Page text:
Farmers in Fulking: A History of the Harris Family

Perching Manor Farm in 2013

My grandfather, Henry Harris, came from a farming family that had farmed in Dorset for about two hundred years. In 1891 he moved to Silton Manor, a farm of about 400 acres near Gillingham in Dorset. His son, my father, was also called Henry. Dad was one of a family of seven boys and six girls. The boys all became farmers and the girls, with one exception, married farmers. Five of Henry’s brothers fought in the 1914-18 war. They were all in the Dorset Yeomanry, as most farmers’ sons were and all returned without serious injury. My father was in Egypt and Palestine fighting the Turks and apart from being stung by a scorpion and a few bouts of dysentery was unscathed. In 1991 a centenary gathering was held at Silton Manor and about sixty relatives and other folk connected with the Harris family attended. Some came from as far afield as New Zealand and one from Zimbabwe. Two coaches were hired to take the guests on a tour of the Dorset farms where members of the family had once been tenants.

Over time the family had been able to purchase the farm and the size of the holding had been greatly increased. Six of the seven sons gradually left Silton once they had saved enough money to branch out on their own, leaving the youngest brother as tenant at Silton, until, at a later date, he was able to buy out his brothers. My father (Henry) married my mother Amy in 1920 and left the family farm in Dorset in the same year. At first Amy stayed behind while Henry moved to Sussex and rented a large farm of about 800 acres in Fulking called Perching Manor. This was in Crown ownership and later more land, adjoining the farm, belonging to Brighton Corporation, was rented. The land associated with these farms had become very run down and it took several years to return the land to good health. Amy came out to join her husband in 1922.

Perching Manor

Perching Manor as it was between the wars

At that time there were no tractors and all the cultivation was done using heavy horses of which there were about ten at Perching. The carters started start work at five o’clock in the morning and stopped at half past three in the afternoon. It took two horses and one carter with a single furrow plough, to plough one acre a day. At the end of the day they then brought the horses back to the stables, fed them and bedded them down for the night.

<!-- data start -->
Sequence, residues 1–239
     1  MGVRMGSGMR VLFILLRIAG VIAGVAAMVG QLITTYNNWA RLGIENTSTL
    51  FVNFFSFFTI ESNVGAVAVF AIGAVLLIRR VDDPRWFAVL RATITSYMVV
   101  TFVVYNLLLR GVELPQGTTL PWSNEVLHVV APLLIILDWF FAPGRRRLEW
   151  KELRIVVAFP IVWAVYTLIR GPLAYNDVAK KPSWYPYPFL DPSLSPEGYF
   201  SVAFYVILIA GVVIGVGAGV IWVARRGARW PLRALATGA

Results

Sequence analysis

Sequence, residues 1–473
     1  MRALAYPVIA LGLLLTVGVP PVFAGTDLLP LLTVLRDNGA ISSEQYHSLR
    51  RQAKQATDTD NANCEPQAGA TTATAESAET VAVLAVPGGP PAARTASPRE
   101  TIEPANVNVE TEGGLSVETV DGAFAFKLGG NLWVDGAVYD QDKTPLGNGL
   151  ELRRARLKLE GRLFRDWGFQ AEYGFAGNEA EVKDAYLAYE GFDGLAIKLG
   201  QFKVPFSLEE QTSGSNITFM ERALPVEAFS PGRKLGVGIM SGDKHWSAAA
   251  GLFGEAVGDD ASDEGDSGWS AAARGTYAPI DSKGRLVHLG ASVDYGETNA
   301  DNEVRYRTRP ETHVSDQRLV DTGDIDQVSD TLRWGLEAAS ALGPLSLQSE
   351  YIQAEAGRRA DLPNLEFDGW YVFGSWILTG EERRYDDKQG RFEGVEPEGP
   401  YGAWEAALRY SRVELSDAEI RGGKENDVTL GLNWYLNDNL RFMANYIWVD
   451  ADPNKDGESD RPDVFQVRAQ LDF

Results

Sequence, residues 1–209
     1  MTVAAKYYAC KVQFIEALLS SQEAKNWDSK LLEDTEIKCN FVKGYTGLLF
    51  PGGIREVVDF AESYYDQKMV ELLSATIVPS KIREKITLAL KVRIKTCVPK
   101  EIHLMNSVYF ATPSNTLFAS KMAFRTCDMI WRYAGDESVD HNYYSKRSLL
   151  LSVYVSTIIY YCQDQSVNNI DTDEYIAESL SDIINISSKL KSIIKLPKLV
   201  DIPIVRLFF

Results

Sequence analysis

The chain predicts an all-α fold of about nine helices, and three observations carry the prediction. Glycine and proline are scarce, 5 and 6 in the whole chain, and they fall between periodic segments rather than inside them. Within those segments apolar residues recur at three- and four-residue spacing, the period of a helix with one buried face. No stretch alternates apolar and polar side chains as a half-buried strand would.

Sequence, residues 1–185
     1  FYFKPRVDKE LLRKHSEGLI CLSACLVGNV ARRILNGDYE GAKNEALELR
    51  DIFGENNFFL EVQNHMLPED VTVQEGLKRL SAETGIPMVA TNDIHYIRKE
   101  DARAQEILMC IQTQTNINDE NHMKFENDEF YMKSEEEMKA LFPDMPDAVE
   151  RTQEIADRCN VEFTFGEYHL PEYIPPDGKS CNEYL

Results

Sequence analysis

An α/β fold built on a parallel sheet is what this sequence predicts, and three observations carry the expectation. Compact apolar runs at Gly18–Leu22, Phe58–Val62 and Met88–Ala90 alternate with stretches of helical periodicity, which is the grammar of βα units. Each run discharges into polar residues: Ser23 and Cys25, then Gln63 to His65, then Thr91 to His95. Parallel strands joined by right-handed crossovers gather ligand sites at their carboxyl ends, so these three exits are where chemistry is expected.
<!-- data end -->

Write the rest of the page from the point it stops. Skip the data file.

Harvesting with horses

Harvesting on the Downs above Fulking

It was not long before Henry and Amy’s family had grown considerably. Their eldest child Henry, was born in 1926, Brian came along in 1927 and Geoffrey in 1929. They were followed by Susan in 1932, Edwin in 1936 and Alban in 1940. All the boys except Henry worked at Perching Manor Farm and Susan married a farmer.

The Harris household in 1943

The Harris household in 1943. Front: Amy, Alban, Edwin, Susan, Henry. Behind: Brian, Adolfo Marine [POW], Henry, Carlo Mazon [POW], Geoffrey.

Henry won various scholarships first to Oxford and then to American Institutions. He later became a professor aged 23. He took out American citizenship and spent the rest of his working life teaching classics in the USA and Canada. He retired to Vancouver Island in British Columbia and died in March 2007.

A large part of the farm was on top of the Downs where there were cottages for the farm labourers and stabling for the horses. A large flock of sheep was maintained and the land was kept fertile by folding them over land that was used for growing turnips, swedes and various brassica crops.

Kenneth Rowntree's "Tractor", 1946

A Fordson tractor pulling a two-furrow plough
Kenneth Rowntree, 1946

Henry Harris was a good farmer and soon gained respect among the farming fraternity. In the early years, it was a mixed farm with a large dairy herd, a flock of sheep and a large arable acreage. In 1937/8 Henry bought their first tractor: a Fordson. From then on cultivation became easier. The tractor could pull a two-furrow plough and this meant that three acres a day could be ploughed.

When war was declared in 1939, farmers were pressed into increasing productivity. Perching became much more mechanised and the acreage put to the plough was increased. A greater variety of crops was grown, including flax, potatoes and other vegetables. Any land worked by hobby farmers that was considered unproductive was confiscated and handed to more efficient farmers for the duration of war. My father’s acreage was considerably increased by the scheme.